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Understanding Insider Trading

Definition, History, and Punishment

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Insider trading is nothing new, yet it's become the talk of the media as a result of the Martha Stewart - ImClone insider trading scandal going on over the past several months. Despite all of the coverage, you may still be unsure of what insider trading is and how it is punishable.  This quick overview will give you some background on how it came to be illegal (it wasn't always this way) and why lawmakers want to punish it.

The Definition of Insider Trading

Insider trading occurs when someone makes an investment decision based on information that is not available to the general public. In some cases, the information allows them to profit, in others, avoid a loss. (In the Martha Stewart - ImClone scandal, the latter happened to be the case.)

Insider trading was not considered illegal at the beginning of the twentieth century; in fact, a Supreme Court ruling once called it a “perk” of being an executive. After the excesses of the 1920’s, the subsequent decade of depression, and the resulting shift in public opinion, it was banned, with serious penalties being imposed on those who engaged in the practice.

The Penalties for Insider Trading

Depending upon the severity of the case, insider trading penalties generally consist of a monetary penalty and jail time. In recent years, the Securities and Exchange Commission (SEC) has moved to ban insider trading violators from serving as an executive at any publicly traded company.

What Constitutes Criminal Insider Trading

Just what constitutes insider trading? The question is much trickier than it seems. In order for the SEC to prosecute someone for insider trading, they must prove that the defendant had a “fiduciary duty” to the company and / or intended to personally gain from buying or selling shares based upon the insider information.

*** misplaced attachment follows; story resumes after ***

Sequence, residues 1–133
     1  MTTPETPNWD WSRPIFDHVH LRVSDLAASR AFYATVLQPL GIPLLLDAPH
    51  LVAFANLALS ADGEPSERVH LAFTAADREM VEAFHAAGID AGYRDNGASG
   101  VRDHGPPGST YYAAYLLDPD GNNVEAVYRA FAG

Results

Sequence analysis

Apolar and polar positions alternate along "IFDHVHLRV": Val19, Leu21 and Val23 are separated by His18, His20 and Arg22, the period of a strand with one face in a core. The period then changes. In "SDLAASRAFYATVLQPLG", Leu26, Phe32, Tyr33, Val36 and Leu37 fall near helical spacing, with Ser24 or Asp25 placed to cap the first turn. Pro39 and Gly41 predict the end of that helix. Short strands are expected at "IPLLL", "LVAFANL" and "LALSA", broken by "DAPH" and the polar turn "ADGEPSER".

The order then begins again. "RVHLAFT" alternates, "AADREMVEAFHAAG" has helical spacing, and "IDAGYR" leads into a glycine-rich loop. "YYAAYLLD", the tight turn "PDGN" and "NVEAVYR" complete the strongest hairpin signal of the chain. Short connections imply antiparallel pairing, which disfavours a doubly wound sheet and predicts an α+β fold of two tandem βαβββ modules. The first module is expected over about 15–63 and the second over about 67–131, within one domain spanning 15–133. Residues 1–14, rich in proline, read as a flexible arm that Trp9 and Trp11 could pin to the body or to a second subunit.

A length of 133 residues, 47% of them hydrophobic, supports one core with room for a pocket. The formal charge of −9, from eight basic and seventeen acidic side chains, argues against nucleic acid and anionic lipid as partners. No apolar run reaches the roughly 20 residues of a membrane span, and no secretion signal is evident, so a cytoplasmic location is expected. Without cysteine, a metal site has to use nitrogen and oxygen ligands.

This test of duty, however, was significantly weakened by the Supreme Court's United States vs. O'Hagan ruling. In 1988, James O'Hagan was a lawyer at the firm of Dorsey & Whitney. After the firm began representing Grand Metropolitan PLC, which planned to launch a tender offer for Pillsbury, Mr. O'Hagan acquired a large number of options in the company. Following the announcement of the tender offer, the options soared, resulting in a four million dollar gain. After being found guilty on fifty-seven charges, the conviction was overturned on appeal. The case eventually found its way to the Supreme Court where the conviction was reinstated (for more information, read Getting the Appropriate Misappropriators: An Analysis of the Supreme Court's Decision in United States vs. O'Hagan).

Barry Switzer, then-Oklahoma football coach, was prosecuted by the SEC in 1981 after he and his friends purchased shares in Phoenix Resources, an oil company. Switzer was at a track meeting when he overhead a conversation between executives concerning the liquidation of the business. He purchased the stock at around $42 per share, and later sold at $59, making around $98,000 in the process. The charges against him were later dismissed by a federal judge on a “lack of evidence”.

On the other hand, based on precedence in other cases, Switzer probably would have been fined and served jail time if one of his players was the son or daughter of the executives, and mentioned the tip to him off-handedly. The line between ‘criminal’ and ‘lucky’, it seems, is almost entirely blurred in such cases.

Section 16 Requirements: Safeguards Against Insider Trading

In order to prevent illegal insider trading, Section 16 of the Securities and Exchange Act of 1934 requires that when an "insider" (defined as all officers, directors and 10% owners) buys the corporation's stock and sells it within six months, all of the profits must go to the company. By making it impossible for insiders to gain from small moves, much of the temptation of insider trading is removed. Company insiders are also required to disclose changes in the ownership of their positions including all purchases and dispositions of shares.

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